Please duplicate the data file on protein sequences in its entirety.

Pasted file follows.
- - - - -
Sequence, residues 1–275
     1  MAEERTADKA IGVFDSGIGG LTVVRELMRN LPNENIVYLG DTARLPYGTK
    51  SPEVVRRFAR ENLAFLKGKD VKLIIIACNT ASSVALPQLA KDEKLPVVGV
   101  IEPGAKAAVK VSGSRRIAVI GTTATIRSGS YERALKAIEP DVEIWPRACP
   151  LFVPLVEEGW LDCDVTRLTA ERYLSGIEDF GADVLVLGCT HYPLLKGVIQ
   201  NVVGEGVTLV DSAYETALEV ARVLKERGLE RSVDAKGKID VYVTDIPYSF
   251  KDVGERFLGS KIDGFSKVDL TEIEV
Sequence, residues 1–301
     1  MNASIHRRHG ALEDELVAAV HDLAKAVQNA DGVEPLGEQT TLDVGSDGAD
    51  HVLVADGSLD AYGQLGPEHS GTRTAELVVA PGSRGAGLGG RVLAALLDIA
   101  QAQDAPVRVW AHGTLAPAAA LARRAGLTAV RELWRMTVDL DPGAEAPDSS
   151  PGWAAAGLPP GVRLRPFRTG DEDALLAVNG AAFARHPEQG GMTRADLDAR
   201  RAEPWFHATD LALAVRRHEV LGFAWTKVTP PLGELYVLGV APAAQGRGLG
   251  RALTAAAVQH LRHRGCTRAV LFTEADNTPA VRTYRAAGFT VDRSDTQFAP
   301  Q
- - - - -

Sequence, residues 1–275
     1  MAEERTADKA IGVFDSGIGG LTVVRELMRN LPNENIVYLG DTARLPYGTK
    51  SPEVVRRFAR ENLAFLKGKD VKLIIIACNT ASSVALPQLA KDEKLPVVGV
   101  IEPGAKAAVK VSGSRRIAVI GTTATIRSGS YERALKAIEP DVEIWPRACP
   151  LFVPLVEEGW LDCDVTRLTA ERYLSGIEDF GADVLVLGCT HYPLLKGVIQ
   201  NVVGEGVTLV DSAYETALEV ARVLKERGLE RSVDAKGKID VYVTDIPYSF
   251  KDVGERFLGS KIDGFSKVDL TEIEV
Sequence, residues 1–301
     1  MNASIHRRHG ALEDELVAAV HDLAKAVQNA DGVEPLGEQT TLDVGSDGAD
    51  HVLVADGSLD AYGQLGPEHS GTRTAELVVA PGSRGAGLGG RVLAALLDIA
   101  QAQDAPVRVW AHGTLAPAAA LARRAGLTAV RELWRMTVDL DPGAEAPDSS
   151  PGWAAAGLPP GVRLRPFRTG DEDALLAVNG AAFARHPEQG GMTRADLDAR
   201  RAEPWFHATD LALAVRRHEV LGFAWTKVTP PLGELYVLGV APAAQGRGLG
   251  RALTAAAVQH LRHRGCTRAV LFTEADNTPA VRTYRAAGFT VDRSDTQFAP
   301  Q